Photo by Sabelo Mkhabela.
The 14 Best South African Songs of the Month
South African songs we loved this month from Cassper Nyovest, Stogie T, Mlindo The Vocalist, Dee Koala, Moozlie, Ishmael and more.
Our list of the best South African songs of the month includes new singles that dropped in September alongside those that were highlighted by getting the visual treatment. We also pick some standout songs from albums that dropped this month.
Mlindo The Vocalist ft. Sjava "Egoli"
"Egoli" from Mlindo's new album is the soundtrack for the dreamers who leave Kwazulu Natal to chase the paper in the City of Gold. Nothing like hearing two of the most authentic voices in South Africa right now in one song.
L-Tido "Glitz Gang Forever"
L-Tido broke the silence about his crew Glitz Gang, which he was part of alongside Maggz, Sean Pages and Morale. If you were a South African hip-hop fan in the late 2000s, this song has the same effect as Eminem's "Stepping Stone."
Stogie T "Pretty Flowers" ft. J Molley, Maggz and Kwesta
"Pretty Flowers" sees different generations of South African hip-hop collide in a song that showcases the art of rapping, and is coupled with a catchy vocal hook by J Molley.
AKA ft Kiddominant "Fela In Versace"
AKA and Kiddominant released their collaboration as a single, and it has since been sitting at the top of the charts of most South African radio stations. The video dropped earlier this month. While it's not clear what the director's vision is, the song still bangs.
Riky Rick "I Can't Believe It"
Riky Rick knows how to make bangers that can turn a part up. His new single, "I Can't Believe It," is sure to pack dance floors countrywide this summer.
"Queenie" transcends genre—you can hear traces of kwaito, electronic and even hip-hop. The music video, which shows the duo FAKA and some guests just being awesome. It will put a smile on your face.
Kwesta "Vur Vai"
"Vur Vai" is yet another summer single prospect from the man who broughtus "Ngud'" and "Spirit." The song, just like the aforementioned songs, leans towards kwaito with some hip-hop sauce. Kwesta is untouchable.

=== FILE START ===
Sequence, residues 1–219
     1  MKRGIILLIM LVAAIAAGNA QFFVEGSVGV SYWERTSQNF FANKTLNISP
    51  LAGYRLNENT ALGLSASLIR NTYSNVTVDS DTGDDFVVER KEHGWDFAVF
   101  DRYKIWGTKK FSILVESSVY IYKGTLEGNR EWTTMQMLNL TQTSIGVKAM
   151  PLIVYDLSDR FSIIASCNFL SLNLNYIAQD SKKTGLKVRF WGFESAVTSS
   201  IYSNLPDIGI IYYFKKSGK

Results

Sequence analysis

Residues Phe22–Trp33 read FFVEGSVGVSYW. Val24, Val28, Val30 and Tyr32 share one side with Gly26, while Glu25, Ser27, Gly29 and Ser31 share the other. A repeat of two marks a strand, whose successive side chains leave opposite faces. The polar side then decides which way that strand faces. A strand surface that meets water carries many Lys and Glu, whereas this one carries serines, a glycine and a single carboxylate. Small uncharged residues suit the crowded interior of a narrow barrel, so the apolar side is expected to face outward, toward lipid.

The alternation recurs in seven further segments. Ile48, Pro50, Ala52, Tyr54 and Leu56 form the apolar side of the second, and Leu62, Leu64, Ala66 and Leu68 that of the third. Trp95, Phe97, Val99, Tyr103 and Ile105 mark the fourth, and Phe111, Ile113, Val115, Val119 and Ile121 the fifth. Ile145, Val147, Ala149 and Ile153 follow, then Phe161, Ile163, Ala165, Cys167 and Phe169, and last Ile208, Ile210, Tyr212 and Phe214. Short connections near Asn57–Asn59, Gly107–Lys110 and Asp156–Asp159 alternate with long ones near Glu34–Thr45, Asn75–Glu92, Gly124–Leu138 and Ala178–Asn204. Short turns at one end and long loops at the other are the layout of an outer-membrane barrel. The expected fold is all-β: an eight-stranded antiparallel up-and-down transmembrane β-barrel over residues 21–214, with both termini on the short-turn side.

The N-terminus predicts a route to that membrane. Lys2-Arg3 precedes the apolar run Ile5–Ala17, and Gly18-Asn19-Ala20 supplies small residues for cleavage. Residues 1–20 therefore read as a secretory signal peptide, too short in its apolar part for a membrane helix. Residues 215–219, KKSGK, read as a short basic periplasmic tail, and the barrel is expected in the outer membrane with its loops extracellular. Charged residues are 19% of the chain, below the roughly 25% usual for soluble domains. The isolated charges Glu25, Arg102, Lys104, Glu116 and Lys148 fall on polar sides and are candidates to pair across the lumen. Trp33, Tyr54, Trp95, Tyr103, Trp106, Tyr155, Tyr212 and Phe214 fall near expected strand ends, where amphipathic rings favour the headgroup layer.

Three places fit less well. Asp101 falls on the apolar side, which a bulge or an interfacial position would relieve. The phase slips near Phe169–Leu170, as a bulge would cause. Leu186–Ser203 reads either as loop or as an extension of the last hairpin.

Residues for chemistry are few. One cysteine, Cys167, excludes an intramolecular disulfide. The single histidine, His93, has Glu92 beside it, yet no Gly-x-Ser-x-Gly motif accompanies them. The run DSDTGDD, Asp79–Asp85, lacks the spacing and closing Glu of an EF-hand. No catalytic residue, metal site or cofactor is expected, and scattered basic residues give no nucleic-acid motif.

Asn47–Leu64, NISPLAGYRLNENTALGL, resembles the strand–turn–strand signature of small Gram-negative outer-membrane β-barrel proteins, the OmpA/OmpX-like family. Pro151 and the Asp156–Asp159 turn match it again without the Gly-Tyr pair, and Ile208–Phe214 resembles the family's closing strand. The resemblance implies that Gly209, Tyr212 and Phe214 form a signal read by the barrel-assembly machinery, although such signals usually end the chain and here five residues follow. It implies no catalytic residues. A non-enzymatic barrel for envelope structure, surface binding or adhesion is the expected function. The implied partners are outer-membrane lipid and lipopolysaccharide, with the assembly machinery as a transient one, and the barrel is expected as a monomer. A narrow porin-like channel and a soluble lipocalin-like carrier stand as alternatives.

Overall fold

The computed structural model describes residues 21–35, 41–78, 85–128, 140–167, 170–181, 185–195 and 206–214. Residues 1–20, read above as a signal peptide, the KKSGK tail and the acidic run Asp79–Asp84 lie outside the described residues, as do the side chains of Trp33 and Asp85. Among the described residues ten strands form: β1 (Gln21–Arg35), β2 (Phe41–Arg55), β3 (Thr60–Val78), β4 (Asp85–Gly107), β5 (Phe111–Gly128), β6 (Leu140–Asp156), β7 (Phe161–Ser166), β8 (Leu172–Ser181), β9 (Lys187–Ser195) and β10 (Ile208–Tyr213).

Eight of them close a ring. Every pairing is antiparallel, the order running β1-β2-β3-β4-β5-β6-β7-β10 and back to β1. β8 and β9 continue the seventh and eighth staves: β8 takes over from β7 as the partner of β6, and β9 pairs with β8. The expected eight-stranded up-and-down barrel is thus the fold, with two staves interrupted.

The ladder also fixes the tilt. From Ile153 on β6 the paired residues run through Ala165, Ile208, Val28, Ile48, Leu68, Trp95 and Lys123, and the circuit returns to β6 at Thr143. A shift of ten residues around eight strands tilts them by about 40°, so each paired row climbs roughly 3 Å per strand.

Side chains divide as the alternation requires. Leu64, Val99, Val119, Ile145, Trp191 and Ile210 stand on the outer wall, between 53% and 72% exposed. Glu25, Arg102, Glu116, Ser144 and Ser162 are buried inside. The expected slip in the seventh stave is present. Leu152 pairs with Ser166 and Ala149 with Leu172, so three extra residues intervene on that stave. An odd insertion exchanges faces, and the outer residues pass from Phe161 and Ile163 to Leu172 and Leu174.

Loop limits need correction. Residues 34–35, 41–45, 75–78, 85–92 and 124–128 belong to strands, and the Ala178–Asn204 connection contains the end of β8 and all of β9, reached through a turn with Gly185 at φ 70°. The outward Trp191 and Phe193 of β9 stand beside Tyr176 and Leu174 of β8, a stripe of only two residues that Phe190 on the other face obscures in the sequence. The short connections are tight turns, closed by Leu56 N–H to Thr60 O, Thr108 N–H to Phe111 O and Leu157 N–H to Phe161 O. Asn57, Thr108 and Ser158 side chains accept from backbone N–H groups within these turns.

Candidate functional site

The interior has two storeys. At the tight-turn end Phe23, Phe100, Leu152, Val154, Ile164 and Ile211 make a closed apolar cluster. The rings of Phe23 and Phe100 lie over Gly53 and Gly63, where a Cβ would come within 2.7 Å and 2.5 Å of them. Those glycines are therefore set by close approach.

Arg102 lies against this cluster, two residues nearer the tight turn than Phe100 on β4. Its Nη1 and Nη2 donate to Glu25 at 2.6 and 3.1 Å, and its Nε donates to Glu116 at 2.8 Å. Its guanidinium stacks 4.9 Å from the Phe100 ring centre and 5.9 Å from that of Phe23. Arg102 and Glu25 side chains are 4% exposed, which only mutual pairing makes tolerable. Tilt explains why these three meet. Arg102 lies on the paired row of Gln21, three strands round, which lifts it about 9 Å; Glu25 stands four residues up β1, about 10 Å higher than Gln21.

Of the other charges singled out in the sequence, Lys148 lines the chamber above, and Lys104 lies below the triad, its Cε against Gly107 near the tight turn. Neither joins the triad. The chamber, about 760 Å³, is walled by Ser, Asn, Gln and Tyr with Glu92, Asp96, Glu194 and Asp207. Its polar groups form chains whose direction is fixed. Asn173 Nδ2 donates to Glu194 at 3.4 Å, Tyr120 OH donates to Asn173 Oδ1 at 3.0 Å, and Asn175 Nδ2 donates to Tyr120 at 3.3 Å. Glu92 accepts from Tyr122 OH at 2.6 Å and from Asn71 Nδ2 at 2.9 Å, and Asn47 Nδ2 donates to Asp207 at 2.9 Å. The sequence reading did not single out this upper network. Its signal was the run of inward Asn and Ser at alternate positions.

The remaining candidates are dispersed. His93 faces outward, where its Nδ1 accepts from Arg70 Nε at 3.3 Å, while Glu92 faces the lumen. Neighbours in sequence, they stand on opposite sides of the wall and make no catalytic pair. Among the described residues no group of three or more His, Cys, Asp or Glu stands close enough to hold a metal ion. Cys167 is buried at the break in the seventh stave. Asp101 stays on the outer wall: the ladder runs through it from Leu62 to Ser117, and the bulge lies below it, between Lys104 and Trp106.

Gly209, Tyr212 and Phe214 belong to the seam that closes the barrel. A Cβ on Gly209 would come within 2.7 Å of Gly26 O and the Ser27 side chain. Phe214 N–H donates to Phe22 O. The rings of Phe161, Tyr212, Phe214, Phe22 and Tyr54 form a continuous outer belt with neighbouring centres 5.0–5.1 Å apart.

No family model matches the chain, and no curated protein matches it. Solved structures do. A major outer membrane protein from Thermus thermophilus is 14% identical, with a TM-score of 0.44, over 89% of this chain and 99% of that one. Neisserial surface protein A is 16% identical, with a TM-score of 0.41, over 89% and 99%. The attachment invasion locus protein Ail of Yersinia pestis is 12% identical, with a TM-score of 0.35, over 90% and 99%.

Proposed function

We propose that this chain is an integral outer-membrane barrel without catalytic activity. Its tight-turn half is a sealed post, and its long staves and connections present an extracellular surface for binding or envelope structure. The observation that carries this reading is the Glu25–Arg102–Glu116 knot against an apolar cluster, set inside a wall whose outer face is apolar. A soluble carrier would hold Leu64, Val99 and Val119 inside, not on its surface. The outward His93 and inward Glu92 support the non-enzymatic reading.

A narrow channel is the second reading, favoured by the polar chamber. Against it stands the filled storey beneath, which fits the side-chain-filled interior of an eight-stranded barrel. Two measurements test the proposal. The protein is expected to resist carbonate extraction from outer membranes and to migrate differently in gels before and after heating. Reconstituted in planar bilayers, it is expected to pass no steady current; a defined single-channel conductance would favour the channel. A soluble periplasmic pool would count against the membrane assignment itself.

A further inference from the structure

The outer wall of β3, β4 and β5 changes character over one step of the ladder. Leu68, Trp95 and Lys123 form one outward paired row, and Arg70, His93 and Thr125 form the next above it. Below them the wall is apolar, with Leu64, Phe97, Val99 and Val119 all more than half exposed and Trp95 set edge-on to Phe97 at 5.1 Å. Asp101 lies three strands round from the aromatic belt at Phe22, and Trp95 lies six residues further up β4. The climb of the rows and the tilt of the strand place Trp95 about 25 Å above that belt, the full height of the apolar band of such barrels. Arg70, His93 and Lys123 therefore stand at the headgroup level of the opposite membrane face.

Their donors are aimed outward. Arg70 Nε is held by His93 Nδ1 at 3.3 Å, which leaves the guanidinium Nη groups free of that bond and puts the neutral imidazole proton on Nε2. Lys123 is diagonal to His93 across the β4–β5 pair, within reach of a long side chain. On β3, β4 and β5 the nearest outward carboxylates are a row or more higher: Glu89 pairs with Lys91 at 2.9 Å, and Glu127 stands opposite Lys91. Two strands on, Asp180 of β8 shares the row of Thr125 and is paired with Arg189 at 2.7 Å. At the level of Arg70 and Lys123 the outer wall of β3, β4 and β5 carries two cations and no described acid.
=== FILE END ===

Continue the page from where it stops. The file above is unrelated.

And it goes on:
Cassper Nyovest "Getsa Getsa 2.0"
Another new age kwaito banger, "Getsa Getsa 2.0," samples Doc Shebeleza's "Getsa Getsa" and will surely be one of the songs we will be partying to this December.
The Soil "Korobela"
South African acapella soul groupThe Soilhave a new single. Titled "Korobela," the heartwarming love song talks about loving someone to a point where you feel like you are under the spell of a love potion. Some of the lyrics are tongue-in-cheek, and they help drive the point home about love and relationships.
Tresor ft. The Soil "Silale"
South Africa-based Congolese musicianTresor is releasing a new album titled Nostalgia. A pre-order or pre-save of Nostalgia comes with a new song titled "Silale" featuring South African acapella group The Soil. Judging from "Silale," Nostalgia will live up to its name. The song has some sprinkles of mbhaqanga from the instrumentation to the vocals teleporting you to the 70s and 80s.
Dee Koala ft. SimulxtionRaps and Amilca Mezarati "Ndintswempu"
Another bass-heavy banger from one of Cape Town's most promising rappers, Dee Koala, and her acolytes. If you Cape Town slang is not on point, then you'll have to settle for the catchy hook and the mean flows. Either way, this is a fire cracker.
Moozlie ft. Baby Face Dean and Reason "See The Sun"
Moozlie's latest album is an addictive and easy listen. Young MaBrrr manages to make the combination of kwaito and hip-hop work towards her favor. "See The Sun" is one of many songs you'll enjoy on the album. Vocal chorus by Baby Face Dean and a rap hook from Reason compliment Moozlie's bravado and comfort over the breezy instrumental.
Emtee looks back at mistakes he's made and the success his garnered over low-creeping pads. The instrumental is ominous and opens Emtee's latest masterpiece DIY 2.
South African veteran singer Ishmael's latest singer sees him turn the theme song for the '90s kiddies show Takalani Sesame into what could be one of the songs of the summer. The artist croons that ever since he was a kid (a takalani), he has always wanted to be a pop star and a rock star, which he is. The kiddies sample loops over a trap instrumental.